Sources:  OED.


words flowing sweeter than honey

This phrase is a rendition of the word “mellifluous,” which is of Latin origin.  Mr. Moffat, by this point (after having been attacked with a rotten egg), has lost all faith in the mellifluousness of his speaking skills.  [JC 2005]

Chapter 18 – The Rivals

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daughter of Plutus

Plutus is the Roman god of wealth; the wealthy heiress Miss Dunstable, whom the Greshams desire Frank to court and marry, is referred to as a daughter of Plutus.  [JM 2005]


this bird, so rare in the land

Referring to Mr. Moffat, who is rare in that he is both young and precociously calculating.  This phrase recalls a line from a satire by Juvenal:  rara avis in terris nigroque simillima cycno.  “A rare bird on earth, most similar to a black swan,” spoken of a hypothetical ideal wife.  [JM 2005]

Sources:  Juvenal, Satire 6.165.


quid pro quo

Latin, “something for something,” one thing in exchange for another.  Mr. Moffat is speaking to Miss Dunstable of how the aristocracy expects something in return for their company.  In this case, they expect low-born but rich people to marry poor aristocrats and impart to them their wealth in exchange for induction into high society.  [JM 2005]

Chapter 19 – The Duke of Omnium

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Gatherum Castle

Gatherum is the home of the Duke of Omnium, and in naming the duke’s castle this way, Trollope is playing with the phrase “omnium gatherum,” which refers to an assemblage of different kinds of people or things.  Omnium is Latin for “of all,” but “gatherum” is not actually a Latin word but rather an English word with a Latin-sounding ending.  [TH & RR 2005]


Ionic columns

To increase the grandeur of Gatherum Castle the Duke of Omnium added a portico of Ionic columns to the front of his home.  Ionic columns were one type of ancient Greek column, especially identifiable by a fluted shaft and the volute decorating the top of the column.  The use of Greek architectural motifs is not unexpected in Victorian architecture, but their presence does indicate that the Duke of Omnium is possessed of great wealth and status.  The more ornate style of the Ionic order also contrasts with the simpler Doric columns of the Greshambury estate.  See the gloss on Doric columns in the commentary for Chapter 1.  [TH 2005]


melted ambrosia

Ambrosia is the food of the gods in Greek mythology.  When Mr. Apjohn, a guest at the Duke of Omnium’s dinner, asks a server for more sauce, the server fails to respond.  As the servant passes him, Mr. Apjohn tries to grab him by the coat tails, but instead falls backward himself.  Finally, Mr. Fothergill asks him if there is anything he can get for Mr. Apjohn and arranges for the sauce to be brought to him, which Trollope refers to as “melted ambrosia.”  By calling the sauce “ambrosia” Trollope exaggerates its qualities much as Mr. Apjohn’s behavior seems to demonstrate the inordinate importance he places on it.  Mr. Apjohn makes a spectacle of himself in pursuit of the sauce and he treats it as though it were divine sustenance.  [TH 2005]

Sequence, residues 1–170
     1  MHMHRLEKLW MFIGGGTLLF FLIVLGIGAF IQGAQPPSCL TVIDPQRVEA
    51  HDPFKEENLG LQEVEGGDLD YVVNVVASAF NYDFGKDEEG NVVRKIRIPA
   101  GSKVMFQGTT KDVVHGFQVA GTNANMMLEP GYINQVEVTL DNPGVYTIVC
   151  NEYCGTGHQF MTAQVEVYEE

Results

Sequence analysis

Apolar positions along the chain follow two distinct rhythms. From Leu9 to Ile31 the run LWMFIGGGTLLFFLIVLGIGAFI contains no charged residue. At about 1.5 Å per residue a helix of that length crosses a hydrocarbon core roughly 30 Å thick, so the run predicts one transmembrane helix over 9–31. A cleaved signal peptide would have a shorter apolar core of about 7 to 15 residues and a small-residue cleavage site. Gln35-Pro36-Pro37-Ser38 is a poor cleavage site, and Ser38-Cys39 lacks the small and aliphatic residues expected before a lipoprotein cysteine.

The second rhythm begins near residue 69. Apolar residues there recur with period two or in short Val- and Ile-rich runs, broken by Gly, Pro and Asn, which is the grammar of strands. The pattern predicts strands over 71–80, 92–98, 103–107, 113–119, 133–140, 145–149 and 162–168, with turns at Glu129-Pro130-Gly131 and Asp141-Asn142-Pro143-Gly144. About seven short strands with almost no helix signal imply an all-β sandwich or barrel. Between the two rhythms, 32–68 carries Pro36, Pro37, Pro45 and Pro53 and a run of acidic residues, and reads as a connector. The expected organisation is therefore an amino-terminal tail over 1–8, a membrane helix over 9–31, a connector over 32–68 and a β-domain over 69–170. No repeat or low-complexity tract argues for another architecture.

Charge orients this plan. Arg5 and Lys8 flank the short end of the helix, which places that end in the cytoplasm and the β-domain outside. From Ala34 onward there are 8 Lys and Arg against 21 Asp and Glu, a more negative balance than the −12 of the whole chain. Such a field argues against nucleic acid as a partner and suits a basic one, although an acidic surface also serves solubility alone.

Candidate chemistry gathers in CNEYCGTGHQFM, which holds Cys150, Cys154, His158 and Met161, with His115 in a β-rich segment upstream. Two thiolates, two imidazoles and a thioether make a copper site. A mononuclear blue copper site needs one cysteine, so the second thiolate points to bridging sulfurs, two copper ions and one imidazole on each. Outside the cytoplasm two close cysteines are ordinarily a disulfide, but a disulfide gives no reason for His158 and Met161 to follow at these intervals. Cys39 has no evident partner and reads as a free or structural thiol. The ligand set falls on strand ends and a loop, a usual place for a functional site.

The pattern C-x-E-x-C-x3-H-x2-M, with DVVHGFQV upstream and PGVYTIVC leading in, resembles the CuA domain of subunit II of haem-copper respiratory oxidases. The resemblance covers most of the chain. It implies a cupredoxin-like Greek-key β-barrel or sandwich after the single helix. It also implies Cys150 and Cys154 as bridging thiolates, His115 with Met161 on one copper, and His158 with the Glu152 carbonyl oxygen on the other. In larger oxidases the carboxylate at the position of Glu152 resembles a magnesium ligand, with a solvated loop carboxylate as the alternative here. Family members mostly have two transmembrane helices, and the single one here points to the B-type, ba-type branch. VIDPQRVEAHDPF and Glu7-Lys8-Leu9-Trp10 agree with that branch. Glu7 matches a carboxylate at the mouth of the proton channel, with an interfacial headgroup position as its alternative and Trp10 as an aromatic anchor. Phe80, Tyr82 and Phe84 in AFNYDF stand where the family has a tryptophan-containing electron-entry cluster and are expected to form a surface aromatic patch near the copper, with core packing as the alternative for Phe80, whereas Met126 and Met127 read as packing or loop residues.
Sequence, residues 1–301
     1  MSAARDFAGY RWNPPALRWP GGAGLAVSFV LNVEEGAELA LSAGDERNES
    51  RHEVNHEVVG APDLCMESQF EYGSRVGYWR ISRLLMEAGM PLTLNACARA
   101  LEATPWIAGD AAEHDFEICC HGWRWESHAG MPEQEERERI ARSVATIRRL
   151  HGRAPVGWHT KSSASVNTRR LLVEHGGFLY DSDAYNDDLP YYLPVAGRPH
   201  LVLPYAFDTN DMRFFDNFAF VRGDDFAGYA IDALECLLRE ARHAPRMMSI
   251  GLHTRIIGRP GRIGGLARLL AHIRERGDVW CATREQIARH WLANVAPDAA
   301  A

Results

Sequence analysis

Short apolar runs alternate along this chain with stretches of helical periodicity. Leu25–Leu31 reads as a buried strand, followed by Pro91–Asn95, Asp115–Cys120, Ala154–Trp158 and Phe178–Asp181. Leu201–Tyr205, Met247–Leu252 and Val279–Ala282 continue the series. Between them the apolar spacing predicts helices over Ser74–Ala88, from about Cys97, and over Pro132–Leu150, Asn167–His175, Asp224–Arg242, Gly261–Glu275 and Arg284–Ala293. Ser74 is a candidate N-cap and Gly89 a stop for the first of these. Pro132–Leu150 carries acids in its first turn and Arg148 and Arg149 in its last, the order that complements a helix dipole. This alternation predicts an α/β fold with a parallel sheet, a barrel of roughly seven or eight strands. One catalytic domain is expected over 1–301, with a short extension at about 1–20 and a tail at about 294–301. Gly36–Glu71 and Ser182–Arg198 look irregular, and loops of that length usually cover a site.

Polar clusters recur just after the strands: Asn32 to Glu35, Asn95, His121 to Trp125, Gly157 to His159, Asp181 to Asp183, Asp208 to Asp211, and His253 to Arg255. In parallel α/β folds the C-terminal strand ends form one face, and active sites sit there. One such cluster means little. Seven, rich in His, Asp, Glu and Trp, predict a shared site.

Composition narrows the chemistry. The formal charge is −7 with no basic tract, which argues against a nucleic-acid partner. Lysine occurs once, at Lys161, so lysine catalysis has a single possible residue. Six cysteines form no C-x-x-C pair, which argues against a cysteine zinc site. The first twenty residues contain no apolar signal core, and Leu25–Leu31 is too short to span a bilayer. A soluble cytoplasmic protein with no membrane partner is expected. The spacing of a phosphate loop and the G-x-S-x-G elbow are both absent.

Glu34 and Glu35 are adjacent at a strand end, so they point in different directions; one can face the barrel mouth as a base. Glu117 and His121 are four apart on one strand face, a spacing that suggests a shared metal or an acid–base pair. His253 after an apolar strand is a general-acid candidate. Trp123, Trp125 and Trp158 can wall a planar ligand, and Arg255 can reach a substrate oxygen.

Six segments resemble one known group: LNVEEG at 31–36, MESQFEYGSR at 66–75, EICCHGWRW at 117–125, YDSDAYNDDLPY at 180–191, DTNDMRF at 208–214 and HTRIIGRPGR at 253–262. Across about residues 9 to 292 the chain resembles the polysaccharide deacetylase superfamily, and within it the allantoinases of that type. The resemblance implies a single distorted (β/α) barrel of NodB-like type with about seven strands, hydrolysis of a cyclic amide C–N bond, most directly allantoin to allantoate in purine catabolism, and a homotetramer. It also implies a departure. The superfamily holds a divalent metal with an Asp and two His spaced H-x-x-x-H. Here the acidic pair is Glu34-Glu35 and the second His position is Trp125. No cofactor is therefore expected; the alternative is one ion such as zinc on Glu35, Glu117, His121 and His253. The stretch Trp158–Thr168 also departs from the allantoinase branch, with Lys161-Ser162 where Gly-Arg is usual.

Chapter 20 – The Proposal

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one who had already fought his battles, and fought them not without glory

This seems to be an allusion to some lines from one of Horace’s poems.  In Latin the lines read “Vixi puellis nuper idoneus / et militaui non sine gloria” and can be translated into English as “I have recently lived suitable for girls, and fought not without glory.”  [MD 2005]

Frank Gresham believes that he–like the speaker in Horace’s poem–is experienced in relations between men and women; consequently, he is frustrated when he feels that Miss Dunstable is talking to him as one might talk to an inexperienced youngster.  [RR 2011]

Sources:  Horace, Ode 3.26.1-2.

Chapter 21 – Mr. Moffat Falls into Trouble

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hymeneal joys

From Latin hymenaeus, “belonging to wedlock, marriage”.  Hymen was a Greek god who presided over weddings.  [JM 2005]

Sources:  OED.
The Meridian Handbook of Classical Mythology.


the help of a goddess

As Frank prepares to attack Mr. Moffat, Trollope exclaims, “Oh Mr. Moffat! Mr. Moffat! If there be any goddess to interfere in thy favor, let her come forward now without delay; let her now bear thee off on a cloud if there be one to whom thou art sufficiently dear!”  The image of a goddess bearing a mortal away on a cloud recalls a scene in book 3 of Homer’s Iliad where Aphrodite carries Paris from the battlefield on a cloud just as Menelaus is about to kill him.  [JC 2005]

Sources:  Homer, Iliad 3.380-382.



After being attacked by Frank Gresham, Mr. Moffat is said to be “sitting in a state of syncope.”  This word ultimately comes from Greek, although it went through Latin before being adopted into English.  Here it refers to a state of unconsciousness.  The Greek verb sunkoptein means “to cut short” and is a combination of the prefix syn- (meaning “with”) and the verb koptein (meaning “to strike”).  It is interesting that Trollope uses this word as Mr. Moffat has found himself in this state because he has been struck (repeatedly) by Frank.  [JC 2005]

Sources:  OED.

Chapter 22 – Sir Roger is Unseated

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halcyon years